If you have a cat: keep your dog on a leash and allow your cat to discover this newcomer in a safe place for him and from where he can escape. A baby gate at the bottom of the staircase, a cat scratching post high enough so that he can take refuge there and observe without risk… Don’t hold him in your arms, don’t put him in a kennel.

In both cases:

  • Congratulate your pets if they adopt a quiet and pacifist attitude. Living together can take several days of adapting, be patient and keep your eyes open.
  • Make them sleep in two separate spots the first nights.

By letting them meet and live their first days without problem, you’re giving them the chance to have a beautiful relationship.

Keep a leash on your dog the first day, so that you can catch him if necessary, even inside it’s important!

Don’t let him have access to the whole house, close the doors, to keep an eye on him, limit the risk of bad behavior. Open bit by bit, after several days without problem.

Limiting his space the first days can be very reassuring for a dog, especially if you have to leave him alone. He will feel less lost and safer.

By establishing his main living place near you, you allow him to establish his comfort zone there and that this is where you the most of time in the house.

The 3-3-3 rule of adopting a rescue dog :

3 days, 3 weeks, 3 months.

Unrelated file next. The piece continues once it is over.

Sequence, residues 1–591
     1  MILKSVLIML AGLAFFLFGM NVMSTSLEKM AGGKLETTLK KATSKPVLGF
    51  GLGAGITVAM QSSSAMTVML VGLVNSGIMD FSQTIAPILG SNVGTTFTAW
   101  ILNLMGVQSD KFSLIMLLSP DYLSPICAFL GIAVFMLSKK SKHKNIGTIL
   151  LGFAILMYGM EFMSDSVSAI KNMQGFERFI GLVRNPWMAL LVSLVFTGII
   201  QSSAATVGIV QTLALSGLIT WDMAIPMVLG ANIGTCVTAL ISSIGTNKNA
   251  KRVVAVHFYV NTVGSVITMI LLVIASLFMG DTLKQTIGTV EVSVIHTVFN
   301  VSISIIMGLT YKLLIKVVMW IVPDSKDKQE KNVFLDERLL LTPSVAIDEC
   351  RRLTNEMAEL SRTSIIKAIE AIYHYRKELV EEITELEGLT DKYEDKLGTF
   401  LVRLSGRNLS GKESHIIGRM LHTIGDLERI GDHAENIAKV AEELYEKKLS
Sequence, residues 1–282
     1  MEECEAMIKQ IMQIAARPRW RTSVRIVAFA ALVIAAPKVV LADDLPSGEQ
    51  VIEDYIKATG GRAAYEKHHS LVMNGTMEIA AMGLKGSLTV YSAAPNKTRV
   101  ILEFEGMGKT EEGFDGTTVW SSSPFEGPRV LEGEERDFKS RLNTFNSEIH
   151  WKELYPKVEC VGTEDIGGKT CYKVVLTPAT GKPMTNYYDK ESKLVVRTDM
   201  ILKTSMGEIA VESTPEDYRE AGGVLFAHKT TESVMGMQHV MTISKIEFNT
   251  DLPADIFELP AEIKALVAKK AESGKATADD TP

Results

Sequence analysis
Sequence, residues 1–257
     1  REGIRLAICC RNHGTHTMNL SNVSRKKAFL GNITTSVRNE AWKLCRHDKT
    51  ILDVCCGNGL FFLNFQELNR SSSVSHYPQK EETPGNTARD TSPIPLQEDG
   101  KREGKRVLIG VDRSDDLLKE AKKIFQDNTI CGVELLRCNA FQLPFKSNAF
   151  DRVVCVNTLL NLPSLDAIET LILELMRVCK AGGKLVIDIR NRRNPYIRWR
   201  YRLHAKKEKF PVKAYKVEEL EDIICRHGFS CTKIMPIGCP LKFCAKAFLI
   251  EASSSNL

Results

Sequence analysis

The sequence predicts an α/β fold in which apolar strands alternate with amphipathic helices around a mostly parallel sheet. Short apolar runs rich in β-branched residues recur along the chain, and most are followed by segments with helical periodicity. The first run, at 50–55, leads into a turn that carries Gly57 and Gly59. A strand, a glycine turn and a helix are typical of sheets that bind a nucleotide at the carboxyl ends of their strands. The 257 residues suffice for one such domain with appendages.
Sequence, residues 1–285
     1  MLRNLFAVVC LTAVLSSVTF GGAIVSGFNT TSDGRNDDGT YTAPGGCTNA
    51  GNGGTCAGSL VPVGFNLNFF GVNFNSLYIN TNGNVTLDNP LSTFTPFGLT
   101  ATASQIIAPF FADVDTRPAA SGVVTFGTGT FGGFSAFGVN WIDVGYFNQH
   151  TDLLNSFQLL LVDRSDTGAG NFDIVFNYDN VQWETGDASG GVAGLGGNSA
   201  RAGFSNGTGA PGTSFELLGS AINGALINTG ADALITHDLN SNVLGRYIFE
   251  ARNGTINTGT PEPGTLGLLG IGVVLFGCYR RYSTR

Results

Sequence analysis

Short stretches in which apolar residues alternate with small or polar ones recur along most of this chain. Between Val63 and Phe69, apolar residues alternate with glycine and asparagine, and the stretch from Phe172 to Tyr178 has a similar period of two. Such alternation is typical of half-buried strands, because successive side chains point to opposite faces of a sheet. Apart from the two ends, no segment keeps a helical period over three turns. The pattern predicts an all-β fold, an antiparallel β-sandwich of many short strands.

Learn to understand YOUR dog:

Even if you’ve had dogs and have a good knowledge, your dog, like you, is unique. It’s important to learn to know him.

Pay attention to him : it’s important to see what triggers a reaction from him, what he seems to like, what seems to bother him… His body language is very meaningful, learn how to interpret it. Observe his behaviours, postures…

He probably will discover things that seem normal to you. The TV, the lawn mower, kids shouting, the dishwasher making noise… Remember to reassure him about these discoveries, so that he associates them to something positive.

Have you ever heard about calming signals? They are a part of animal communication and every dog owner should know and respect them. I suggest you to read this article.

It’s up to you to try to understand your dog before asking him to understand you. What is he saying to you in his dog language? What emotion is he expressing by behaving such and such way? Once you’ve understood him, you can have an adapted reaction, offer him something else or reassure him if necessary…